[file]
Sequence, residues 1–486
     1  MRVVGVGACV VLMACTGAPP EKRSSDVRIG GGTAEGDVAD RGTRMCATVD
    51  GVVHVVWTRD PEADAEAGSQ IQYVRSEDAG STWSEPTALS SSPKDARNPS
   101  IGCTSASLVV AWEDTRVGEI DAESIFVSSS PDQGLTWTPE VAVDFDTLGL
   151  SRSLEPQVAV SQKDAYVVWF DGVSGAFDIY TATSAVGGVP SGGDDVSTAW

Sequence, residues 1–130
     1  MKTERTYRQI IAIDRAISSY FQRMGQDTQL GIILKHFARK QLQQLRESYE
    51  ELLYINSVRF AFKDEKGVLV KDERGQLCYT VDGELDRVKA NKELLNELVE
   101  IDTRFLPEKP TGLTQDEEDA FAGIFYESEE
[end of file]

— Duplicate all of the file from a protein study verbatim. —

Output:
Sequence, residues 1–486
     1  MRVVGVGACV VLMACTGAPP EKRSSDVRIG GGTAEGDVAD RGTRMCATVD
    51  GVVHVVWTRD PEADAEAGSQ IQYVRSEDAG STWSEPTALS SSPKDARNPS
   101  IGCTSASLVV AWEDTRVGEI DAESIFVSSS PDQGLTWTPE VAVDFDTLGL
   151  SRSLEPQVAV SQKDAYVVWF DGVSGAFDIY TATSAVGGVP SGGDDVSTAW

Sequence, residues 1–130
     1  MKTERTYRQI IAIDRAISSY FQRMGQDTQL GIILKHFARK QLQQLRESYE
    51  ELLYINSVRF AFKDEKGVLV KDERGQLCYT VDGELDRVKA NKELLNELVE
   101  IDTRFLPEKP TGLTQDEEDA FAGIFYESEE